OVER A PERIOD OF FOUR MONTHS STEVEN DID HIS INTERNSHIP AT VIKTOR & ROLF FOR THEIR AUTUMN/WINTER ’15 COLLECTION. A UNIQUE EXPERIENCE THAT REALLY ALLOWS YOU TO LOOK INSIDE THE MANSION OF V&R. YOU WORK FOR ONE SEASON FROM BEGIN TO END. THEY WILL TAKE YOU WITH THEM INSIDE THEIR CONCEPT AND YOU GET TO EXPERIMENT ALL KIND OFF THINGS.
FOR THIS SEASON THE EXPERIMENT WITH MATERIALS WAS CRUCIAL FOR THE COLLECTION SO THEY REALLY HAD TO GO DEEP TO FIND THE BEST RESULTS. AFTER EXPERIMENTING FOR A LONG TIME AND THEN PRODUCING ALL THE PIECES TO MAKE THE GARMENTS YOU REALLY SAW THE WHOLE CONCEPT COME TOGETHER.
AGAIN A UNIQUE EXPERIENCE IN A CREATIVE LEARNING ENVIRONMENT WITH A CHANGE TO JOIN THEM IN PARIS FASHION COUTURE WEEK HELPING WITH AND AT THE SHOW.
A BIG THANK YOU TO VIKTOR&ROLF AND TEAM V&R.
One way to answer the increasingly hackneyed question of whether fashion qualifies as art is to determine whether it should hang on a wall or clothe a body. This afternoon, Viktor & Rolf complicated the issue by suggesting that the answer could be “both.” In February, Viktor Horsting and Rolf Snoeren announced that they would cease their ready-to-wear businesses, explaining that they were eager to direct all efforts to the haute couture creation process. They named today’s collection Wearable Art, which doesn’t really do justice to the exhibition that unfolded within a gallery at the Palais de Tokyo. In a preview, they demonstrated the before and after of their fashion folly—how the integration of hinged frames on coats, dresses, and capes could transform the designs from outfits into artworks, from portrait collars to abstracted portraits.
Whereas their peers have famously resisted the artist appellation—perhaps for fear of being labeled pretentious, or worse, trendy—Horsting and Snoeren seem continuously intrigued by exploring how formalism and absurdity combine to produce something unquestionably artistic. The designers primed the audience with a blue smock cloaked in what appeared to be a white canvas—frame and all—plus polished oxfords. Yet the toile was actually linen bonded to white crepe. And the fragments of imagery that began to materialize toward Look 8 were laser-cut jacquard enhanced with embroideries and appliqués to achieve the blobbed reliefs. The point, said Horsting and Snoeren, was to express action painting in a nonchalant way rather than identify their interpretation of The Threatened Swan (by Jan Asselijn, circa 1650). When a fleshy hand poked out of a warped canvas, a dress flooded through a frame, or a Dutch Golden Age tableau was insouciantly cinched at the waist, their conceptual perfectionism became worthy of its own movement.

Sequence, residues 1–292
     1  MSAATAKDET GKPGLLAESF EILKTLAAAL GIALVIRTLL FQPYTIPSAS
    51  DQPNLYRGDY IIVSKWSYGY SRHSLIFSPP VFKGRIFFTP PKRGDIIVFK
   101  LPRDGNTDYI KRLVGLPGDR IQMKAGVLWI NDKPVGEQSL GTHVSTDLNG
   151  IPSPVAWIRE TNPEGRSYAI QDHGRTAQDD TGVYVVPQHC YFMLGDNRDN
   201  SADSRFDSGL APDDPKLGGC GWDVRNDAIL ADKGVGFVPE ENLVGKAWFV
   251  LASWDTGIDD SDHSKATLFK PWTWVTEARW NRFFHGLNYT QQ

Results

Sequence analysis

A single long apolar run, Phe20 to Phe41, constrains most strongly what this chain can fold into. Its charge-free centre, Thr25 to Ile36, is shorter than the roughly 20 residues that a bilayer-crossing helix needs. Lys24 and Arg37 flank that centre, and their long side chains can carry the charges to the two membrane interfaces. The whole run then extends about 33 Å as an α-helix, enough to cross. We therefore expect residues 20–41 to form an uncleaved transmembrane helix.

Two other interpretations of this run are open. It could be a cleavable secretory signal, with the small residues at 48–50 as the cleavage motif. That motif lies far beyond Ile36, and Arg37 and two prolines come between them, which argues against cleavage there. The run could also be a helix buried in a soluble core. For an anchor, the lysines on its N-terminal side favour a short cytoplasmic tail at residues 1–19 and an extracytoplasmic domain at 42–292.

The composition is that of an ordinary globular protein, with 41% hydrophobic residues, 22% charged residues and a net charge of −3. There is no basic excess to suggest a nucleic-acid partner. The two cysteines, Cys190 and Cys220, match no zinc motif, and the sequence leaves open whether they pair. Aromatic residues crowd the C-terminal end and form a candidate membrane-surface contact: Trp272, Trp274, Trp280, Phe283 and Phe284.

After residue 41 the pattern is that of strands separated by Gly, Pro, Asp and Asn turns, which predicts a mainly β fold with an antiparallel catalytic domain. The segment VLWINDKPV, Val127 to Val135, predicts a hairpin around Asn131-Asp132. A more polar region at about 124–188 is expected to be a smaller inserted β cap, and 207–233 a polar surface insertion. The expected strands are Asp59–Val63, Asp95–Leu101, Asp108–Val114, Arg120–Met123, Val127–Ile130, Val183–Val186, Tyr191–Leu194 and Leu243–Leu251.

All the while the designers doubled as performance artists, methodically unfastening their works from a series of models and hanging them on the expansive white wall. The speed of the installation was impressive by any measure—from tiered gown to triptych within minutes. The final look represented the most extreme construction and most complete artwork—a Dutch still life on a moving model. Its crumpled, splattered, and suspended structure gave the impression of a masterpiece that had been rescued from a garbage compactor a few minutes too late. Thankfully, these creations won’t suffer a similar fate: Venerable art collector Han Nefkens has once again pledged a purchase, which he will subsequently donate to the Museum Boijmans Van Beuningen. Except that on display, the work can no longer be worn: It becomes art for art’s sake. And as such, when the time comes, it will sell for more.
VIKTOR&ROLF CONTACT: WWW.VIKTOR-ROLF.COM
PHOTOGRAPHY: TEAM PETER STIGTER
FASHIONDESIGNER – ROTTERDAM
ARTIST/DESIGNER – UDENHOUT
DESIGNER/LUXURY STORE – EINDHOVEN
VAN TILBURG MODE
WAREHOUSE WITH BIG ALTER ATELIER – NISTELRODE